The “Mountain of Crap” Becomes a Park

Chrysanthemums grow at the base of Mount Hariya, a former landfill / Latz+Partners
Chrysanthemums grow at the base of Mount Hariya, a former landfill / Latz+Partners

The “Mountain of Crap,” the nickname for Hiriya landfill, and Freshkills share more than just evocative names. They are also two of the most outstanding examples of landscape transformation, in this case, urban landfills that have become parks – Ariel Sharon Park, outside of Tel Aviv, Israel and Freshkills Park, in Staten Island, New York.

Both were the wastelands of their respective cities. They began receiving garbage over 60 years ago, and closed at nearly the same time – Hiriya in 1999 and Freshkills in 2001. When complete, Ariel Sharon Park – like Freshkills – will be roughly three times the size of Central Park. The two parks signed a “twin parks” agreement last year to share information and plan cooperatively. Leaders from both parks will also present at April’s Greater & Greener Urban Parks Conference in San Francisco.

While much is known about Freshkills, less is known about the history of Ariel Sharon Park, at least in the U.S. Hiriya landfill is some 200-feet-high given because it sits on 25 million tons of waste. The landfill is located directly under the flight paths to Tel Aviv’s Ben-Gurion Airport. As massive flocks of birds swarming Hiriya caused a few too many close-misses and toxic runoff leached into streams adjacent to the landfill, public outcry to close the landfill grew.

By its final year of operation in 1998, Hiriya was receiving 3,000 tons of household waste per day. In 1999, it became a transfer station, and rehabilitation plans began in 2001. But even as park development move forward, the site continues waste operations. Municipal and agricultural waste is sorted and transferred at a large recycling center that captures methane from organic waste in anaerobic biogas digesters. The facility captures enough methane to power the entire recycling facility and sell back excess electricity to the Tel Aviv grid.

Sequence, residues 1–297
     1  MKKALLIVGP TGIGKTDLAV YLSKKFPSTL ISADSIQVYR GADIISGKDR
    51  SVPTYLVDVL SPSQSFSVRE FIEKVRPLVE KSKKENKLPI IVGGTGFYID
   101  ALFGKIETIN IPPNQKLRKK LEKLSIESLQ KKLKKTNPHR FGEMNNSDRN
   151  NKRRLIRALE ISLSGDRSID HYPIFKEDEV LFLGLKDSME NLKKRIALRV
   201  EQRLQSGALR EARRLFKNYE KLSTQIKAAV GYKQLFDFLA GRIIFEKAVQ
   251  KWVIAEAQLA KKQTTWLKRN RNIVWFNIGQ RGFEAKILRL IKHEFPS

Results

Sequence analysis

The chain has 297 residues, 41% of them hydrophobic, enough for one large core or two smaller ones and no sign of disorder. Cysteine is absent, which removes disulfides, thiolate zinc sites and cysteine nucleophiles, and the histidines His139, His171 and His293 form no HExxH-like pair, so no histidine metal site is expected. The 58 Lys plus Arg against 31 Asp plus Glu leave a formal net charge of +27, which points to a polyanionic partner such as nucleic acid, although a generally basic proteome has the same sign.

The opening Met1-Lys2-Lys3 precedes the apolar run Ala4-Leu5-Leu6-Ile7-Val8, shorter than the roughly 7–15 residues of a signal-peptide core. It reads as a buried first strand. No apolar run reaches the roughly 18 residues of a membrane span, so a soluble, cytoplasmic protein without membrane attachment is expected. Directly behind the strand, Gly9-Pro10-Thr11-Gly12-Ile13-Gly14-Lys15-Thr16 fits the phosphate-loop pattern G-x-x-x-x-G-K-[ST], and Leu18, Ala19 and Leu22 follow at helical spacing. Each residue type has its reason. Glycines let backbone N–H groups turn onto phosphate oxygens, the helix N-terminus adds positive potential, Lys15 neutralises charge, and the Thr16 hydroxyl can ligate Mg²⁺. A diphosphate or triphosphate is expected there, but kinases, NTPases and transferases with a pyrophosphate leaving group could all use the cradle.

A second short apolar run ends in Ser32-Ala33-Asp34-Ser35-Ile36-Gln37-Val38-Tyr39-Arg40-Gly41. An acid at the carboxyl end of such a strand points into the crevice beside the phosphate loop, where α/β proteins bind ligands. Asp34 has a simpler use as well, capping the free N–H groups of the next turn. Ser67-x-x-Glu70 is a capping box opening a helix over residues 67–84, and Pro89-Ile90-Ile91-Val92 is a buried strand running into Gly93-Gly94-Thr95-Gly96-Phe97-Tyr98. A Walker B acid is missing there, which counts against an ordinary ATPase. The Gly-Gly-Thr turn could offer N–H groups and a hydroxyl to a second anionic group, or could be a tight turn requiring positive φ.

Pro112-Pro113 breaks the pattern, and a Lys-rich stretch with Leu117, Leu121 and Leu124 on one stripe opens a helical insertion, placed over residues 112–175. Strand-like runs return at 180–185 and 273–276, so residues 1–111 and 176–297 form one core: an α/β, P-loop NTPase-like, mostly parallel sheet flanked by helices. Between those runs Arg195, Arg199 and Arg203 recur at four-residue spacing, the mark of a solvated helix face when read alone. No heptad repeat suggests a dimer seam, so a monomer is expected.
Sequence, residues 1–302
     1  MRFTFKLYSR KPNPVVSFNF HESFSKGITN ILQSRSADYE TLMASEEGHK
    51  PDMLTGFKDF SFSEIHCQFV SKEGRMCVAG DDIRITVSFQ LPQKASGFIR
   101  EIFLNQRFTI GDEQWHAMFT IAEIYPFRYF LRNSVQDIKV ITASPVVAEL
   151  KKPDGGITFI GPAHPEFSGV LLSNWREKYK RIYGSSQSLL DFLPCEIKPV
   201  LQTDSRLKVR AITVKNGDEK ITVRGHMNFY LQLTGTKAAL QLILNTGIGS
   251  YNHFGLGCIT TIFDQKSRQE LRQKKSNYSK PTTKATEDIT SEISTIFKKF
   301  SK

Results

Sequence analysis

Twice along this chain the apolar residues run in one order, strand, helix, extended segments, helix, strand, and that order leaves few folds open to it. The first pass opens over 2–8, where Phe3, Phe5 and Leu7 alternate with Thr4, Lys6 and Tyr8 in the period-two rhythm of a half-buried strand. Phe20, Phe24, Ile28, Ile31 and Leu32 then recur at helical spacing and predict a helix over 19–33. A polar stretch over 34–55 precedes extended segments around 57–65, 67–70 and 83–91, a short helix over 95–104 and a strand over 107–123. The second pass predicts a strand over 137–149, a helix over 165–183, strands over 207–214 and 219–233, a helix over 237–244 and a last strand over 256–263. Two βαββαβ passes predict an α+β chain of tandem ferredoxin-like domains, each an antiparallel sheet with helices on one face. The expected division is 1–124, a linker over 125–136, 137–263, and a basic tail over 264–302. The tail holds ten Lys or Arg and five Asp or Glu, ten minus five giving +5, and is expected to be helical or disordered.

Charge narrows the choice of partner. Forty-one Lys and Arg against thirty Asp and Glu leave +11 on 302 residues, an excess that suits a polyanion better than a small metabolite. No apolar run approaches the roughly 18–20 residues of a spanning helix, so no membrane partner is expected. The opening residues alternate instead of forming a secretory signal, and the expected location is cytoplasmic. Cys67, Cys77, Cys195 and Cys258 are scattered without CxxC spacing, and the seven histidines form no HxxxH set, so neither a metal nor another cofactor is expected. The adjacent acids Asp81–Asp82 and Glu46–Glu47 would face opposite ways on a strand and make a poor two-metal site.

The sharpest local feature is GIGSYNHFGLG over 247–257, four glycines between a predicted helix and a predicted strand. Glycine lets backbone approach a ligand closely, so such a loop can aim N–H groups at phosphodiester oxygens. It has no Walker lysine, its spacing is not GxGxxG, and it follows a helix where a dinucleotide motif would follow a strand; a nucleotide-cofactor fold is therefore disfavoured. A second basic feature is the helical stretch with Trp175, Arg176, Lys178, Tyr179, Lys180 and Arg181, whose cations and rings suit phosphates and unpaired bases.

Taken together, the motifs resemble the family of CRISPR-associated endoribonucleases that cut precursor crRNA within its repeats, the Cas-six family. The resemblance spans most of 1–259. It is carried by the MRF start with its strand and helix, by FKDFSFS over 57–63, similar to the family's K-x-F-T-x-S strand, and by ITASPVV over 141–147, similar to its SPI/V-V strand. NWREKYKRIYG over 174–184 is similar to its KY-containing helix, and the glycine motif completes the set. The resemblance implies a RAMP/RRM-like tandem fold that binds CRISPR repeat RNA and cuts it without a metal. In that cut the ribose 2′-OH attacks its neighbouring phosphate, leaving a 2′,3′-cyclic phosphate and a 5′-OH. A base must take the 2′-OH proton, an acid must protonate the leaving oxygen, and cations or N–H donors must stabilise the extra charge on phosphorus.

Anaerobic Biogas Digesters / Chris Tackett
Anaerobic Biogas Digesters / Chris Tackett

As much as 80 percent of incoming waste is reportedly recycled or reused by the Arrow Bio management company.

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Waste transfer & recycling station / Yoshi Silverstein

An environmental education center near the recycling facilities features landfill-derived art from sponsored competitions alongside other interpretive resources.

Landfill art in the environmental education center / Yoshi Silverstein